The Chelten Plaza battle will finally make its way into a city Zoning Board of Adjustment hearing on Wednesday.
The developers who want to turn the former site of a Fresh Grocer into a Save-A-Lot and Dollar Tree will be there. The protestors who say they deserve better-quality stores to revitalize their neighborhood will be on-hand, as well. And, of course, attorneys for both sides will do most of the talking.
It’s an ongoing, complex matter, as many things zoning are, and it will be the focus of a noon zoning board meeting. Protestors plan to be there in force, taking buses to Center City from Chelten Plaza.
Why so much fuss over a grocery store? Here are seven key points that the casual observer needs to know to understand the issue of the year in Germantown:
1) This hearing isn’t about Save-A-Lot: Whether developer Pat Burns – who operated the late Fresh Grocer – can build a Save-A-Lot grocery store and a handful of other retail shops at Chelten Plaza isn’t the issue. The appeal is all about the Dollar Tree. Specifically, why wasn’t this storeincluded on the application the developer submitted to L&I? New variety stores are zoning no-nos there now.
2) The opposition has been vocal and persistent: For months, protesters from various civic groups have brought themselves, petitions, music, yellow T-shirts and a mission to solidify neighborhood opposition to the project.
3) They think the developer thinks poorly of the neighborhood: Protestors claim Burns thinks Germantown is “a ghetto” that can’t support the kind of high-end supermarket they would prefer. They say he’s wrong, and that another Save-A-Lot will attract “a bad element.”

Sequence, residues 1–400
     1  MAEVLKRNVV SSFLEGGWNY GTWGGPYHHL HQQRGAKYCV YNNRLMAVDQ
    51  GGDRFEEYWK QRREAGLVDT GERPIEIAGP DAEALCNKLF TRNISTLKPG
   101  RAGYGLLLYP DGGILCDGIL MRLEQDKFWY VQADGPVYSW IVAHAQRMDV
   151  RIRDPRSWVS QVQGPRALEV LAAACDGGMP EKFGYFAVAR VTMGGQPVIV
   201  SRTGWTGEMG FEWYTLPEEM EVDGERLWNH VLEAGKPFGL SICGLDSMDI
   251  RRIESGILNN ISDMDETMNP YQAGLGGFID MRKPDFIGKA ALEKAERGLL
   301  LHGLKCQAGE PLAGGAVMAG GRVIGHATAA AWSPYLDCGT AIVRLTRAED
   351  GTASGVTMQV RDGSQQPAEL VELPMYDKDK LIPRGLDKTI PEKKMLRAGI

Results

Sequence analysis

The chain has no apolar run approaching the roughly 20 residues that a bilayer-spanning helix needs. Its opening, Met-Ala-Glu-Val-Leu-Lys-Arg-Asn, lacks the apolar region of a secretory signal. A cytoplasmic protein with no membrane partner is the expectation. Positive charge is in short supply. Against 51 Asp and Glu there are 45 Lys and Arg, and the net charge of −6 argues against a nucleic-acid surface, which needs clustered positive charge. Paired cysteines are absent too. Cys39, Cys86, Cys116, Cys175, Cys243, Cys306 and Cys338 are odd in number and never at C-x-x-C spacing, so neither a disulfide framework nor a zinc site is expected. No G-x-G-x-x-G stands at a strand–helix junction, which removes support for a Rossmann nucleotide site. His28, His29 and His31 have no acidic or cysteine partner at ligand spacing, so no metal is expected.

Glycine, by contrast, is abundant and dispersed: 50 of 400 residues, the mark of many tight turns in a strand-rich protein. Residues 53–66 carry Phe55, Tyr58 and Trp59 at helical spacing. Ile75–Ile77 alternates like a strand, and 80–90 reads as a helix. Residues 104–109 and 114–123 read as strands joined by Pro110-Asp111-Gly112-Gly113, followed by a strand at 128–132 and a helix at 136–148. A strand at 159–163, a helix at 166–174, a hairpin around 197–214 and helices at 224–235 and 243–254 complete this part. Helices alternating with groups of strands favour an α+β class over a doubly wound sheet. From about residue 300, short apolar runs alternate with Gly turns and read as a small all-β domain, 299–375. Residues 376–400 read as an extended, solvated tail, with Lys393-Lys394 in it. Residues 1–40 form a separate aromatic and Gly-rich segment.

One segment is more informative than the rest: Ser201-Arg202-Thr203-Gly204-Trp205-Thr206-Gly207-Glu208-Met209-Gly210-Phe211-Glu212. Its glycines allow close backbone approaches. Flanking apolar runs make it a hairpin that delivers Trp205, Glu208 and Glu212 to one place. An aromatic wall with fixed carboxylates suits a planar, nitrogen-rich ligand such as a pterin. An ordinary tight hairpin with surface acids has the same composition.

4) Civic-group divisions have been exposed: Germantown Community Connection has expressed concerns about the zoning process and the overall plan for Chelten Plaza, but haven’t denounced it. This infuriates other groups who think GCC is enabling Burns to claim wider community support than he really has.
5) Community support is key to public funding: Burns has received $4 million in public money for the project, as well as a previous $1 million he received for building the Fresh Grocer. This has Germantown residents insisting they deserve a greater say in the kind of projects a developer brings to their neighborhood using their tax dollars.
6) A “community benefits agreement” is one requirement for that public money: GCC is working with Burns’s Pulaski Partners on a community benefit agreement. It is expected to include dollars for the damages caused by the development. GCC President Betty Turner said those dollars won’t go to her group: “We are a non-profit, we don’t want for-profit dollars.” Other residents critical of GCC say it is not getting enough out of those negotiations.
7) What is Germantown, anyway?: The Chelten Plaza drama has sparked a very public conversation about Germantown’s identity. Is it a Save-A-Lot or Whole Foods neighborhood? This question generates a lot of emotion. Protesters talk about wanting a better quality, full-service grocery store in the neighborhood (Trader Joe’s comes up a lot), but many lower-income, largely African-Americans residents continue shopping at Save-A-Lot.